Imágenes de páginas

No sail from day to day, but every day
The sunrise broken into scarlet shafts
Among the palms and ferns and precipices;
The blaze upon the waters to the east;
The blaze upon his island overhead;
The blaze upon the waters to the west;
Then the great stars that globed themselves in heaven,
The hollower-bellowing? ocean, and again
The scarlet shafts of sunrise-but no





Never stoops the soaring vulture
On his quarry“ in the desert,
On the sick and wounded bison,
But another vulture, watching
From his high aërials look-out,
Sees the downward plunge, and follows;
And a third pursues the second,
Coming from the invisible ether,
First a speck, and then a vulture,
Till the air is dark with pinions.7
So disasters come not singly;
But, as if they watched and waited,
Scanning one another's motions,
When the first descends, the others
Follow, follow, gathering, flock-wise
Round their victim, sick and wounded,
First a shadow, then

a sorrow,
Till the air is dark with anguish.


I conjure you by that which you profess
(Howe'er you come to know it) answer me;
Though you untie the winds and let them fight
Against the churches; though the yeasty waves
Confound and swallow navigation up;
Though bladed corn be lodged and trees blown down;
Though castles topple on their wardens' heads;
Though palaces and pyramids do slope
Their heads to their foundations; though the treasure
Of nature's germins tumble altogether,
Even till destruction sicken, answer me
To what I ask you.





15. When the mountains shall be dissolved; when the fountains of the earth and the world_shall be destroyed; when all sensible objects shall vanish away, He will still be the everlasting God; He will be when they exist no more, as He was when they had no existence at all.


16. Whenever you see a people making progress in vice; whenever you see them discovering a growing disregard to the divine law; there you see proportionable advances made to ruin and misery.

17. If, when we behold a well-made and well-regulated watch, we infer the operations of a skilful artificer; then none but a "fool" indeed can contemplate the universe, all whose parts are so admirably formed, and so harmoniously adjusted, and yet say " there is no God.”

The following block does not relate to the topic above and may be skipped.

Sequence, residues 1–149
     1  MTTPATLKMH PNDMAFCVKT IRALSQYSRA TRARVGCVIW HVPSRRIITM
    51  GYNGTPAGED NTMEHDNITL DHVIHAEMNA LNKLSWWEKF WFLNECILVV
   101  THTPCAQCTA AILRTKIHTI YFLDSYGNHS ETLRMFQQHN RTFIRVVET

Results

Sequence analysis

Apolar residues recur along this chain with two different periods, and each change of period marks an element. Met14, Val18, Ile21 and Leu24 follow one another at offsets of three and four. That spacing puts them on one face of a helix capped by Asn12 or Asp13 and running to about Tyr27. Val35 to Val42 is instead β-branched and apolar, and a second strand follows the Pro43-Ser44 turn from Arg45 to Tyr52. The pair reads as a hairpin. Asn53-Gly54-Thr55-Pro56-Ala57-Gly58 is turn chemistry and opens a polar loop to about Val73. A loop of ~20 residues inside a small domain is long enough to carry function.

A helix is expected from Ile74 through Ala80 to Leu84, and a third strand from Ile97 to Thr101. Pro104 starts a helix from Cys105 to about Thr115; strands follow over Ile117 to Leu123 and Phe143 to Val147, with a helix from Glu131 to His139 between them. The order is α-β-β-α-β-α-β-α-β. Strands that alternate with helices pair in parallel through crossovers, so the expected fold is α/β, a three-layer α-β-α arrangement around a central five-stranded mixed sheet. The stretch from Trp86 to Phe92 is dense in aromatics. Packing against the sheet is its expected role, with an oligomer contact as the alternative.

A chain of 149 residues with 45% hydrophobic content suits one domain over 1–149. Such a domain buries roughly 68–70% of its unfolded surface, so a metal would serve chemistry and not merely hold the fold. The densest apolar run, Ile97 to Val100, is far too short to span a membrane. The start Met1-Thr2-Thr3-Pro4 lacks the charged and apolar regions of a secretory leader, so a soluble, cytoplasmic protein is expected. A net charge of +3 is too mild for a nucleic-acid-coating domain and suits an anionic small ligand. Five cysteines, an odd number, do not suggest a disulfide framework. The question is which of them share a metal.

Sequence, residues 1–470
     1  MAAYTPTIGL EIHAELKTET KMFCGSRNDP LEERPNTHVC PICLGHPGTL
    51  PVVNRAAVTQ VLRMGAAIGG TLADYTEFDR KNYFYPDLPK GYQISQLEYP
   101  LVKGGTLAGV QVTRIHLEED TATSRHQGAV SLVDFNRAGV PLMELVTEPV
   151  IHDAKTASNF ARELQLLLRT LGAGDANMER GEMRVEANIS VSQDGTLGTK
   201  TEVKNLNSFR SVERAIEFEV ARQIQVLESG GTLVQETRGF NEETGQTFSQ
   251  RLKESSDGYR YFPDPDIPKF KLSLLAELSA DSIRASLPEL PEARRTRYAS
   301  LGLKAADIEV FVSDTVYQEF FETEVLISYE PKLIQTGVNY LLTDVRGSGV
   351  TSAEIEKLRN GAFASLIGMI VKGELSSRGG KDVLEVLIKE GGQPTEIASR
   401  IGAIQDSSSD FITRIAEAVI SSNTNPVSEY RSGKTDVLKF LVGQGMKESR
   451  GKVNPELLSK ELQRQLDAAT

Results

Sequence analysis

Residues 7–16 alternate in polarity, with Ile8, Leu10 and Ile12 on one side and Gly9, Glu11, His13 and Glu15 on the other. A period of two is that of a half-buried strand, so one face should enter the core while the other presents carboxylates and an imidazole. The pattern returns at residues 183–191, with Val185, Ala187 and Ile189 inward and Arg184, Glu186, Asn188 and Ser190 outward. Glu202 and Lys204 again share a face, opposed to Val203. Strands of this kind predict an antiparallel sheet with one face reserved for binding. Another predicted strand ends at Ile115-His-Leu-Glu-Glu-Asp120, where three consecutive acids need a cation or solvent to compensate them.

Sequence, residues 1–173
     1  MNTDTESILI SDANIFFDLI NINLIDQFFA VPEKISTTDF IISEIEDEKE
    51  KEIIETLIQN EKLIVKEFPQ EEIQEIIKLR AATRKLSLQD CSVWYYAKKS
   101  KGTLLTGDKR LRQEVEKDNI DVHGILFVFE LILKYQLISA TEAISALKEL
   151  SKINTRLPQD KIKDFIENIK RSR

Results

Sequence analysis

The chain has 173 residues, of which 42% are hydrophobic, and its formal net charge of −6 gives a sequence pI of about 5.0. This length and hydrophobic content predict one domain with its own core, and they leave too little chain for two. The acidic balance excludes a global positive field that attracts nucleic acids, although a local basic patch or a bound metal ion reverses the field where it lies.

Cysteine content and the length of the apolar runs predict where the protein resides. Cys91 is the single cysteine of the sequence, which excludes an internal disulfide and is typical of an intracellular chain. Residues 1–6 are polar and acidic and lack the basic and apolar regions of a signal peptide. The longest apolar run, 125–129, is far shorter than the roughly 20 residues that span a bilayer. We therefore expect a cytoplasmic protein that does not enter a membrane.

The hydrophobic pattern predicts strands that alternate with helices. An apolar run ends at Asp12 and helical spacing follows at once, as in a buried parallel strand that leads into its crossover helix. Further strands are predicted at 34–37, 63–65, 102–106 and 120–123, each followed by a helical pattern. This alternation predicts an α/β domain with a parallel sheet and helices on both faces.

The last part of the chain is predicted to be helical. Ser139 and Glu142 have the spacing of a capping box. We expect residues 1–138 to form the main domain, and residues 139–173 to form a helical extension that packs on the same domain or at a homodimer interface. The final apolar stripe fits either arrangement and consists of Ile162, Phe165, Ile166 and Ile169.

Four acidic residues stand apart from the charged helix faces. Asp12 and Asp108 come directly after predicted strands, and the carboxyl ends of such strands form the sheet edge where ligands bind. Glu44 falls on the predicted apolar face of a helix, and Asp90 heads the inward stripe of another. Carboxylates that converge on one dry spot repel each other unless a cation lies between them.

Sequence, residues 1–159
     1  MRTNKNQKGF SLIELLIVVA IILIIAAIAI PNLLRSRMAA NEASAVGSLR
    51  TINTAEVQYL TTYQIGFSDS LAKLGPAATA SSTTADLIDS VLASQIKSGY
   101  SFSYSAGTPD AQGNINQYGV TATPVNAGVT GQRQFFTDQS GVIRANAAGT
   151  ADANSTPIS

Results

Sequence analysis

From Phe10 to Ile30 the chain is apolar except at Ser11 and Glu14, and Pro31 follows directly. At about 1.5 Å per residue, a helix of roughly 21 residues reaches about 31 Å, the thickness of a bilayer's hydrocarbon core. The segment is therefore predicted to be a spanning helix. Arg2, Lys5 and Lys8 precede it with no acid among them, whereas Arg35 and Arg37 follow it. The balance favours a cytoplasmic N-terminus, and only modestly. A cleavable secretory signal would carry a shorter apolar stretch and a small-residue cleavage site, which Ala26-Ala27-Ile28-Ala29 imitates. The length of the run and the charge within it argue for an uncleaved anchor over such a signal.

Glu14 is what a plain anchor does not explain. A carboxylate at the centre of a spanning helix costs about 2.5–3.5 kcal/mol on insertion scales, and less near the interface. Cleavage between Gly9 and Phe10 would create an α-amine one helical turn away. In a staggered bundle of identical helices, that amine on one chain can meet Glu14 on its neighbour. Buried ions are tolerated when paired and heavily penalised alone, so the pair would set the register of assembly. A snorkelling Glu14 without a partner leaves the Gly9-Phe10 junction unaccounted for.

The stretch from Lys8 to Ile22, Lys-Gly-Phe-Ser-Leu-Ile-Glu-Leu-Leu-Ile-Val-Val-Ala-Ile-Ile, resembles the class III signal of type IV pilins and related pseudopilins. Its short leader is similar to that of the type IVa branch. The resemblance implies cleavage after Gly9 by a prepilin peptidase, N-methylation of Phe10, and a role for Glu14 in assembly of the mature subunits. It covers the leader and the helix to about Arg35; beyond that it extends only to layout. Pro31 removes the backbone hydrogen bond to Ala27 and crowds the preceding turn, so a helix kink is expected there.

18. After we have practised good actions for a while they become easy; and when they are easy we begin to take pleasure in them; and when they please us we do them frequently; and by frequency ofacts, a thing grows into a habit; and a confirmed habit is a second kind of nature; and so far as anything is natural, so far it is necessary, and we can hardly do otherwise; nay, we do it many times when we do not think of it.



Here lies one who never drew
Blood himself, yet many slew ;
Gave the gun its aim, and figure
Made in field, yet ne'er pulled trigger.
Armèd men have gladly made
Him their guide, and him obeyed;
At his signified desire,
Would advance, present, and fire.
Stout he was, and large of limb,
Scores have fled at sight of him;
And to all this fame he rose
By only following his nose.
Neptune was he called, not he
Who controls the boisterous sea,
But of happier command,
Neptune of the furrowed land;
And your wonder vain to shorten,
Pointer to Sir John Throckmorton.

Cowi E3.




How happy is he born and taught,

That serveth not another's will;
Whose armour is his honest thought,

And simple truth his utmost skill!
Whose passions not his masters are,

Whose soul is still prepared for death
Not tied unto the world with care

Of public fame, or private breath.
Who envies none that chance doth raise

Or vice; who never understood
How deepest wounds are given by praise;

Nor rules of state, but rules of good :
Who hath his life from rumours freed;

Whose co nce is his strong retreat ;
Whose state can neither flatterers feed,

Nor ruin make accusers great ;
Who God doth late and early pray,

More of His grace than gifts to lend,
And entertains the harmless day

With a well-chosen book or friend;
- This man